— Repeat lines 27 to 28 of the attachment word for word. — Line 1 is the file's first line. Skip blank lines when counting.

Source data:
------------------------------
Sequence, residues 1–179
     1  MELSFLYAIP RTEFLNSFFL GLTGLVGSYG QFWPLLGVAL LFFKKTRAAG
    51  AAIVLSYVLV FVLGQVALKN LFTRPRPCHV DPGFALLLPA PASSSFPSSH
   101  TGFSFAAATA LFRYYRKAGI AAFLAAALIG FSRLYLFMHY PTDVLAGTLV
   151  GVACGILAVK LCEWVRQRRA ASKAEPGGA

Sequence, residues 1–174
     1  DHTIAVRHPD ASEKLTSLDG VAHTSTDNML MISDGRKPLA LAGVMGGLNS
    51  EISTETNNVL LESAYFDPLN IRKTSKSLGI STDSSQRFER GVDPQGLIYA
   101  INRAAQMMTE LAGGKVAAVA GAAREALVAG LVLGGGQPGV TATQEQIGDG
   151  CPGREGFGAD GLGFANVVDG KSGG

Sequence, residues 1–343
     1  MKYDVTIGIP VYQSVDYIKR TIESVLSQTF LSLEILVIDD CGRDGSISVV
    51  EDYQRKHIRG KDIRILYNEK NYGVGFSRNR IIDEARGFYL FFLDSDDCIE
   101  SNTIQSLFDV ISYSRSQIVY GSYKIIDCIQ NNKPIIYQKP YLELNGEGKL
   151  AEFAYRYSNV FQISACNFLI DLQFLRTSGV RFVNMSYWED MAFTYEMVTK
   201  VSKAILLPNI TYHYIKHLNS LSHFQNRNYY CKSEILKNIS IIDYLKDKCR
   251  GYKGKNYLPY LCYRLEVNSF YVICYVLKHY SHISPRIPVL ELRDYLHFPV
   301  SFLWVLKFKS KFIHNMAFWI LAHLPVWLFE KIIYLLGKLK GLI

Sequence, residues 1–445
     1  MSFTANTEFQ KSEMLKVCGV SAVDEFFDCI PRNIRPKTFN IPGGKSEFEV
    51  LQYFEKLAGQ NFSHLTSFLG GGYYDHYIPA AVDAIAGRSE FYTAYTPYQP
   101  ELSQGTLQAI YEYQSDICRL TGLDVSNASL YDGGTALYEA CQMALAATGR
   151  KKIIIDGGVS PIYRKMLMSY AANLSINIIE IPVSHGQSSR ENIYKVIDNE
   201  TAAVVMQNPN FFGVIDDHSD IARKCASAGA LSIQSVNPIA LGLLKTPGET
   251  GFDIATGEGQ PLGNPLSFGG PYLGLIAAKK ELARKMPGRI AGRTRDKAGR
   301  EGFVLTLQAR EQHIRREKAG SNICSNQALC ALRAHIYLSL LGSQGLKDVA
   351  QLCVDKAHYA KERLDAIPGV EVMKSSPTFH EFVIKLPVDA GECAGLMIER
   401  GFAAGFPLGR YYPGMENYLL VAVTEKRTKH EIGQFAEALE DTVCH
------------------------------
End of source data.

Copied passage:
   351  QLCVDKAHYA KERLDAIPGV EVMKSSPTFH EFVIKLPVDA GECAGLMIER
   401  GFAAGFPLGR YYPGMENYLL VAVTEKRTKH EIGQFAEALE DTVCH